Mumme (2004) states that there are three main reasons why Minute 242 has had trouble being advanced as its agreement intended. First, and maybe most importantly, was that there was not the political support to carry out Minute 242. A rift between state and federal government over whose authority it was to control water rights played a key role and when there are 96 seats in the House of Representatives from the border region, this makes it difficult to pass any legislation going against thosestates.

Secondly, it is possible that Minute 242 did not refer to groundwater quality in general, but more pointedly at salinity. This may have averted governments from pursuing appropriate studies.

And third, the terms of reference of both Minute 242 and the 1944 Treaty are not very clear. The wording of the agreements does not have enough definition to promote decisive acts and leaves much to be questioned.

Outcome

Even after three decades of having problems with Minute 242 and groundwater issues, there does not appear to be a movement towards a new agreement referring to the United States-Mexican shared aquifers anytime soon, although Mumme (2004) states that it is likely that "some form of systematic cooperation will emerge" between stakeholders in more local areas along the border.

Lessons learned

  • Even if conditions for agreement are good, this does not guarantee that issues will be resolved.

It is testimony to the complexity of international groundwater regimes that despite the presence of an active authority for cooperative management, and despite relatively warm political relations and few riparians, negotiations have continued since 1973 without resolution.

  • Difference of opinion of federal and state governments can impede cooperation.

After Minute 242 was agreed upon by both Mexico and the United States, the differences between the United States federal government and the government of the States bordering Mexico most likely played a role in the lack of cooperation between the two nations with regards to groundwater resources.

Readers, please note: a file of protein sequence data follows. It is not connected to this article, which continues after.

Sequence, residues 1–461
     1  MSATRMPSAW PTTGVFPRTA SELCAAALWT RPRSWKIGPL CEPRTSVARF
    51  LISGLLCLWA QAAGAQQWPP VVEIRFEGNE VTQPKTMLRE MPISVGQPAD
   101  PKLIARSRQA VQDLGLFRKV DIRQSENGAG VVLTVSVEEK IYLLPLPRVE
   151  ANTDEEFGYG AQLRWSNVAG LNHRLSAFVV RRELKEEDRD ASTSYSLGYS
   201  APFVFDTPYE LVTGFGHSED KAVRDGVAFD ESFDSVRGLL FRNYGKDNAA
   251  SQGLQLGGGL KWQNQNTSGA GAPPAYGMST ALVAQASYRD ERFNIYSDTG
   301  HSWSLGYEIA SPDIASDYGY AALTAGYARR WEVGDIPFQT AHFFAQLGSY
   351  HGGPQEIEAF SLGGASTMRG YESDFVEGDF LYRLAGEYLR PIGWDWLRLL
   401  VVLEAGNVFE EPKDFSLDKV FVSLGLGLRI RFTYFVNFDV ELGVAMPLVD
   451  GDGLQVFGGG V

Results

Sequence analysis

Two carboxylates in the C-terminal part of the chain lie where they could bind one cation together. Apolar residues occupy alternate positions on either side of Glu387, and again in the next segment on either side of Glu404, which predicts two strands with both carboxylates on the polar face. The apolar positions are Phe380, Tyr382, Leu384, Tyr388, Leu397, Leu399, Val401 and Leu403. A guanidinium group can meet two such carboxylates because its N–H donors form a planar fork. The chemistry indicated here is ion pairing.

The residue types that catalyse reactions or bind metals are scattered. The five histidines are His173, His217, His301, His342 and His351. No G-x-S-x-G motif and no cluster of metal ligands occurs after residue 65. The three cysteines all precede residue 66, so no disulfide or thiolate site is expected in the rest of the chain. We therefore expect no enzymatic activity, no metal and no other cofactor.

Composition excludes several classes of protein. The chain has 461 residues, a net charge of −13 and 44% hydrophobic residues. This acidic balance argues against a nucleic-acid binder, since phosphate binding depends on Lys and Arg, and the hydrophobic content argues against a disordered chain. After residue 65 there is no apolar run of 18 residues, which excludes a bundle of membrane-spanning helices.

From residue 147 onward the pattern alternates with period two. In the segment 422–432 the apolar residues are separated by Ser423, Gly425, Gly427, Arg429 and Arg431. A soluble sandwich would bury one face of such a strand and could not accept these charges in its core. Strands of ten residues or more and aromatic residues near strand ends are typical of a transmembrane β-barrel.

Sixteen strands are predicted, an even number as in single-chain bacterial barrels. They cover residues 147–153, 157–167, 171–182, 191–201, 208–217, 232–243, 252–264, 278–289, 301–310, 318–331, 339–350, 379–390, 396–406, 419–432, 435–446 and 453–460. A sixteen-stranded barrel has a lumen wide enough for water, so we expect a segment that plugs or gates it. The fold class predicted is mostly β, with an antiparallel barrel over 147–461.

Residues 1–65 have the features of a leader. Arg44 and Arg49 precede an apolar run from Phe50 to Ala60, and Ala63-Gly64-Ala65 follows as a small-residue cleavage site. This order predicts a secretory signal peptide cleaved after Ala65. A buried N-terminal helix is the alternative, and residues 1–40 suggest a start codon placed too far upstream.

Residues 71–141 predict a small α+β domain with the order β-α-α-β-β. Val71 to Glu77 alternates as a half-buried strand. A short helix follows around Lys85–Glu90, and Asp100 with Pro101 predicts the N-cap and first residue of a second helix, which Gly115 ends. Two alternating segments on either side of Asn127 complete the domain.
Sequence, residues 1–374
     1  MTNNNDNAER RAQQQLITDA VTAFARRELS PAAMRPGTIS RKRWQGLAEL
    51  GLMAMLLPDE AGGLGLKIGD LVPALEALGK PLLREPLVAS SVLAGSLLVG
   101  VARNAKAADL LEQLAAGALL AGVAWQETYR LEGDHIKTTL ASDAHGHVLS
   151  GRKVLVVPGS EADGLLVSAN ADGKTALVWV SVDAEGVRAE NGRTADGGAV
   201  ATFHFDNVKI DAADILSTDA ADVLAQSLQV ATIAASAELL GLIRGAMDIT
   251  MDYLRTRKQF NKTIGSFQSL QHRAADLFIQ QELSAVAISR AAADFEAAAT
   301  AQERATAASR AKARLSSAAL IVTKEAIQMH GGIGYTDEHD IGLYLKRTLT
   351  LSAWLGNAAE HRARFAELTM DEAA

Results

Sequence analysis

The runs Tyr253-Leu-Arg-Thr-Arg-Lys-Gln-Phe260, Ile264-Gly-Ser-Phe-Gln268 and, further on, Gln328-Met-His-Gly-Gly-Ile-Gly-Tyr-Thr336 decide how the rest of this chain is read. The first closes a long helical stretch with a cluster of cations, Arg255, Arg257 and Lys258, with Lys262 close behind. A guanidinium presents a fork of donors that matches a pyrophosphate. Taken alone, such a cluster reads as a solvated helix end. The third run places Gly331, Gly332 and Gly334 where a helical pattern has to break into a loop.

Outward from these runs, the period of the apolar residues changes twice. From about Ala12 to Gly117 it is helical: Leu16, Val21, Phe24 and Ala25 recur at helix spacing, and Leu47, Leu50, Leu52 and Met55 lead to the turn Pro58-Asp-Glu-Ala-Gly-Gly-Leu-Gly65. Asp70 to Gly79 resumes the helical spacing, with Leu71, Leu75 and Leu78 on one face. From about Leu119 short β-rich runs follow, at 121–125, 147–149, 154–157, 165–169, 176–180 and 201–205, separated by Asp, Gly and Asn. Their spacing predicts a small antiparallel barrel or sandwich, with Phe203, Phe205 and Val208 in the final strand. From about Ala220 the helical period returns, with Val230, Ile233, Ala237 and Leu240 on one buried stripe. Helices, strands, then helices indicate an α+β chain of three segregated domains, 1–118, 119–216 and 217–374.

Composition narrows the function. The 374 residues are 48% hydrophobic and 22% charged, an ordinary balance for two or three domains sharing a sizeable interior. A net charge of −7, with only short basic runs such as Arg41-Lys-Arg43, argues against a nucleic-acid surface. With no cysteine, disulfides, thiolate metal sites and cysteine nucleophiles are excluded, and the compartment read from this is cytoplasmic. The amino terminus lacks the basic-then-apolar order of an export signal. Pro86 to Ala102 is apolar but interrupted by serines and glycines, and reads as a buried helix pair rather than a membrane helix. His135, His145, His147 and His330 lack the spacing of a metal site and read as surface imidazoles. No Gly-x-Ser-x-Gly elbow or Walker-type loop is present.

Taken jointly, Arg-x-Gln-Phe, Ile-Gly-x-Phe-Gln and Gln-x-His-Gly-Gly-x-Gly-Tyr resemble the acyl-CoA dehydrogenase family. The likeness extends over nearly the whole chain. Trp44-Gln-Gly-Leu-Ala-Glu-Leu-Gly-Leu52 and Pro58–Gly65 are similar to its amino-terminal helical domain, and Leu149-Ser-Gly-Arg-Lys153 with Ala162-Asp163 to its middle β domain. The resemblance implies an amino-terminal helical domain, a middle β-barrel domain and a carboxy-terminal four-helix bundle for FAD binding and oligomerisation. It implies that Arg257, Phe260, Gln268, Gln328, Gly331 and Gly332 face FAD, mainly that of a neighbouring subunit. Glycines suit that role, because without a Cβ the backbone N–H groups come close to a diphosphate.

Creative outcomes resulting from resolution process

Treaty includes mechanism to modify terms and even topics covered, essentially allowing for adaptive management, without renegotiating entire treaty.

Timeline

1944 US-Mexico Water Treaty signed. IBWC expanded to include water allocation within its responsibilities.
1973 Minute 242 on groundwater signed between Mexico and the United States.
1983 La Paz Agreement signed creating technical working groups that addressed water quality among other environmental concerns.
1993 North American Free Trade Agreement (NAFTA) signed.
1994 NAFTA implemented.

 

References

Gleick, P.H., ed. Water in Crisis. A Guide to the World's Fresh Water Resources, New York : Oxford University Press, pp. 13-24.

Kulshreshtha, S.N. (1993). World Water Resources and Regional Vulnerability: Impact of Future Changes. RR-93-10, IIASA, Laxenburg, Austria.

Mumme, S. 1988. "Apportioning Groundwater Beneath the U.S.- Mexico Border: Obstacles and Alternatives." Center for U.S.- Mexican Studies Report Series 45.

Mumme, S. (2004). Advancing binational cooperation in the transboundary aquifer management on the U.S.-Mexico Border. Paper presented at Groundwater in the West Conference, University of Colorado at Boulder.

Transboundary Freshwater Dispute Database (TFDD) (2007). Oregon State University.
Available on-line at: http://www.transboundarywaters.orst.edu/

United Nations. (1978). Register of international rivers, Water Supply Management, 2 (1). New York: Pergamon Press.